Younger animals can be substituted for each other during the training process, but if an older pair has to go their separate ways due to injury or behavioral issues, Hartzell won’t attempt a new pairing.
A Brown Swiss ox typically enjoys a lifespan of 15 to 20 years, depending on the condition of his feet and legs, as well as his diet — generally pasture grazing in the summer and a combination of hay and grain during the winter.
The terminology for working oxen is similar to that used with horses and mules. The one closest to the driver on the right side is known as the “nigh ox,” while the one to the left is called the “off ox.”
The larger ox is placed on the off side so the driver can see him, as this is also the ox that will be guided along the furrow.
Meanwhile, the nigh ox should be the more attentive and reliable of the two, as he’s the one who needs to pick up on commands more quickly and initiate the proper response.
A watchful trainer like Hartzell can tell which ox should assume which position when working with the pair.
The oxen are held together not with a harness, but by a wooden yoke consisting of two main components.
The yoke itself rides on top of each ox’s neck in front of his shoulders. It is made of such woods as cherry, curly maple, elm or yellow birch.
Two bows go around the animals’ necks and are held fast to the yoke by “bow keys.” Bows are made of strong but more pliable woods such as hickory, ash or white oak.
Properly maintained yokes can last virtually forever if they are coated with a waterproof finish and the bows are kept oiled and positioned in the yoke.
While antique yokes are quite pricey, Hartzell’s yokes are made by a friend and can range in price from about $150 for a small calf-training yoke up to about $400 for a yoke designed to accommodate full-size oxen.
A chain is attached through a ring on the yoke to facilitate pulling a load.
Several organizations throughout the nation, such as the New England Ox Teamsters Association, sponsor shows and pulling competitions.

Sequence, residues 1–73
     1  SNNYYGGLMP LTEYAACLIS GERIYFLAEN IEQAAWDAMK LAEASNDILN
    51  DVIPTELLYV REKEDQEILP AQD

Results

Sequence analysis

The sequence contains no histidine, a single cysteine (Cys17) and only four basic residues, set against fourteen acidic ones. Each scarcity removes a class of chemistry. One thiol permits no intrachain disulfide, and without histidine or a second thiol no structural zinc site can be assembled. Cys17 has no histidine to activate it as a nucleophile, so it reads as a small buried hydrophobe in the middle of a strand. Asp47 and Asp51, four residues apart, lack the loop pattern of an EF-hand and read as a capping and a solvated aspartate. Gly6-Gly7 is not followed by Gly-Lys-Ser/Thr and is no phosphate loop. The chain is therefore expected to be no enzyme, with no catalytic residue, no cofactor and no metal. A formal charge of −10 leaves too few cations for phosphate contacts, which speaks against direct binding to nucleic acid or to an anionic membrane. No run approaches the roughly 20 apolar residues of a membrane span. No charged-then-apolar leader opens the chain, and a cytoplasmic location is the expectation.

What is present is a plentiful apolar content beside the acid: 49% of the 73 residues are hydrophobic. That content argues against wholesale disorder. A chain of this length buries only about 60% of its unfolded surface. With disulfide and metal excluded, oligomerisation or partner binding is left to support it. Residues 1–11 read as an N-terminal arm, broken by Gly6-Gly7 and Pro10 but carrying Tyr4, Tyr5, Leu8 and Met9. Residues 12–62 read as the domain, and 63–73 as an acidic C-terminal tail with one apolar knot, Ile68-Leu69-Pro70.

These powerful beasts can out-pull a big team of horses. In fact, while a team of oxen can pull its own body weight at a walking pace, for short bursts of six to eight feet, a well-trained team of oxen can pull up to 2
Although Hartzell and his Hartz-Hill teams once competed in pulling events, which are especially popular in New England, these days Ralph and Judy use their oxen mostly for pulling around their farm and take their teams on the road to a variety of venues during the summer months, including five fairs like the Tioga County Fair in north-central Pennsylvania and two or three festivals, mostly in Pennsylvania, though they have displayed their animals as far away as Quebec, Canada.
With the primary goal of educating the public, they also make appearances at schools and agricultural expositions.
Part of the Hartzell’s informative presentations include highlighting the role played by oxen in American history. When Americans heading west arrived at portal cities like St. Louis with their horse-drawn covered wagons, they were advised by the wagon masters to trade their horses in for more practical oxen.
Not only could oxen out-pull horses when it came to drawing a wagon, but the oxen were also able to thrive on poorer grass and brush instead of relying on the scarce and expensive grain required by horses.
Oxen were superior at moving through mud and snow because they were actually able to “swim” through these impediments. One final practicality was that, if an ox fell and broke a leg, it could still be butchered and used to provide meat on the journey.
After the great western migration, came the need to transport freight back and forth between the east and west coasts. At one time, between 200,000 and 300,000 teams of oxen were used as draft animals to accomplish this mission.
Meanwhile, although oxen had proved to be perfect for cultivating the small 10- to 15-acre farms in New England and thrived there for that reason, farmers breaking sod out west with its vast acreages and shorter growing season, phased out the use of oxen for faster paced horseflesh.
The Hartzells of Hartz-Hill Farm are dedicated to showing the public their oxen not only to teach the history of these animals, but also to show how farmers value their animals and have every incentive to take good care of them and use them in ways that are not cruel or abusive, but rather assure their ongoing value.